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Nobel laureate Liu Xiaobo’s wife a prisoner in her home

Liu Xia, wife of 2010 Nobel Peace Prize winner Liu Xiaobo, reacts emotionally to an unexpected visit by journalists from Associated Press at her home in Beijing on Thursday.


For 26 months, Liu Xia has been cut off from the world outside her apartment in Beijing – prevented from receiving guests, making phone calls or using the Internet. She's been charged with no crime. She is being punished for being the wife of China's most famous political dissident, jailed Nobel Peace Prize laureate Liu Xiaobo.

On Thursday, Ms. Liu had her first chance to speak publicly since before the 2010 Peace Prize ceremony in Oslo where her husband was represented by an empty chair. It was only because the guards who keep 24-hour watch outside her door left their posts, seemingly to have lunch.

"We live in such an absurd place," the 53-year-old poet told reporters from the Associated Press, who visited her while the guards were away. "I felt I was a person emotionally prepared to respond to the consequences of Liu Xiaobo winning the prize. But after he won the prize, I really never imagined that after he won, I would not be able to leave my home. This is too absurd. I think Kafka could not have written anything more absurd and unbelievable than this."

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Beijing was infuriated by the Nobel committee's decision to recognize Mr. Liu, a prominent democracy activist since the 1989 demonstrations on Tiananmen Square. Mr. Liu is now four years into an 11-year sentence for "inciting subversion," a charge stemming from a pro-democracy manifesto known as Charter 08 that he helped write and disseminate.

The ruling Communist Party has also isolated his normally outspoken spouse. Police were deployed around the couple's apartment building in west Beijing in the hours before Mr. Liu's Nobel win was formally announced. Ms. Liu has not been seen in public since, although she has been spotted smoking a cigarette by the apartment window.

The Associated Press report said Ms. Liu looked "frail" on Thursday, and she told the reporters she was suffering from a back injury that means she's often confined to bed. Dressed in a track suit and slippers, she was described as visibly shaken to see her surprise guests and photos showed her weeping.

Ms. Liu said she was now being taken to see her husband once a month, after initially being denied access to him following his Nobel Prize win. She said Mr. Liu was in good health, although she couldn't remember when the last visit was. "I don't keep track of the days any more," she said.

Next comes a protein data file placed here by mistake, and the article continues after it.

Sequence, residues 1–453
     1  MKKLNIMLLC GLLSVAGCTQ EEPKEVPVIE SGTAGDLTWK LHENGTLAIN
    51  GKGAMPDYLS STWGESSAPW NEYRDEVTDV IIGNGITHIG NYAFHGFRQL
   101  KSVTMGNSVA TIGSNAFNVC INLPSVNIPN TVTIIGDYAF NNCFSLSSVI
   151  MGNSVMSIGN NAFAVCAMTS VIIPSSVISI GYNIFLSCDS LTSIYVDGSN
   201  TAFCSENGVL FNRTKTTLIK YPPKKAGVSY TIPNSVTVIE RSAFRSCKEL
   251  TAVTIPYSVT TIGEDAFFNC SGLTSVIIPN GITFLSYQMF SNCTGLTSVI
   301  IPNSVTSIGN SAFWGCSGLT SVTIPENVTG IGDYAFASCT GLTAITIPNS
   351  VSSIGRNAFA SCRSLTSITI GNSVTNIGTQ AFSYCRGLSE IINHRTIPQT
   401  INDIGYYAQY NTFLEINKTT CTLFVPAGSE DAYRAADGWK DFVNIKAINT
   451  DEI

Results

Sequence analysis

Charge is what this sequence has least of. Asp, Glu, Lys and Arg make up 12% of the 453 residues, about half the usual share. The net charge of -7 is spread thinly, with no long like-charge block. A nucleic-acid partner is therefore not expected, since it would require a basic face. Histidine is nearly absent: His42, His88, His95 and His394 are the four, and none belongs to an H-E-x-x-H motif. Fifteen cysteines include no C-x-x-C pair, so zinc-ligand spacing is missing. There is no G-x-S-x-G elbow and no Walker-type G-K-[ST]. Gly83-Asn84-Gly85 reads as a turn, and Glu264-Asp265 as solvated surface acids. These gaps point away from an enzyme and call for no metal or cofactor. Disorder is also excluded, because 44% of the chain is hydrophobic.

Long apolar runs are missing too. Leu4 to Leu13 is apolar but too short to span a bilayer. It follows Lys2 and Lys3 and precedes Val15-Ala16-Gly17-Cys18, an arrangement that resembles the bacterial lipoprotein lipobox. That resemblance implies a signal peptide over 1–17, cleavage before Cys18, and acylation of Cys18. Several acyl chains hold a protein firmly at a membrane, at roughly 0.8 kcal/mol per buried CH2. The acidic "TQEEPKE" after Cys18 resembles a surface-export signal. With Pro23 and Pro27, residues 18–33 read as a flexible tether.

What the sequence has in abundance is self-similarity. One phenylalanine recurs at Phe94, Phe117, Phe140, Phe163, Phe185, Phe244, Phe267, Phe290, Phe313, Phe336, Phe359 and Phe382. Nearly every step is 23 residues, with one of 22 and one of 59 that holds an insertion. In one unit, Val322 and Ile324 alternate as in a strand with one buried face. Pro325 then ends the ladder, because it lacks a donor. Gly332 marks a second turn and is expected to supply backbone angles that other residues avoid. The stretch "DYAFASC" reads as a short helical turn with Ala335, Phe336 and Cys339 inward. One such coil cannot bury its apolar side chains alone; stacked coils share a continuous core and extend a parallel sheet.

She said her husband was aware how she was being treated since he won the prize. "I told him: 'I am going through what you are going through almost.' "

Earlier this week, a group of 134 Nobel Prize laureates published an open letter calling on China's new leader, Xi Jinping, to end the government's persecution of the couple.

However, the Chinese government has given no indication it will budge on Mr. Liu's sentence. The Foreign Ministry this week repeated its stand that the Nobel committee's decision to give the peace prize to a convicted criminal represented "external interference in China's judicial sovereignty and domestic affairs."

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Ms. Liu's rare interview comes as Chinese author Mo Yan heads to Stockholm to collect this year's Nobel Prize for Literature, the first Chinese national not in jail or exile to win a Nobel prize. While news of Mr. Liu's prize has been squelched – many Chinese have never heard of Mr. Liu, and even fewer know he won the prize – Mr. Mo, an writer with long ties to the Communist Party establishment, has been feted as a hero in the country's state-controlled media.

At a press conference in Stockholm, Mr. Mo spoke in favour of such selective censorship, comparing it to airport-security checks. "When I was taking my flight, going through the customs … they also wanted to check me – even taking off my belt and shoes," he said. "But I think these checks are necessary."

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About the Author
Senior International Correspondent

Mark MacKinnon is currently based in London, where he is The Globe and Mail's Senior International Correspondent. In that posting he has reported on the Syrian refugee crisis, the rise of Islamic State, the war in eastern Ukraine and Scotland's independence referendum.Mark recently spent five years as the newspaper's Beijing correspondent. More


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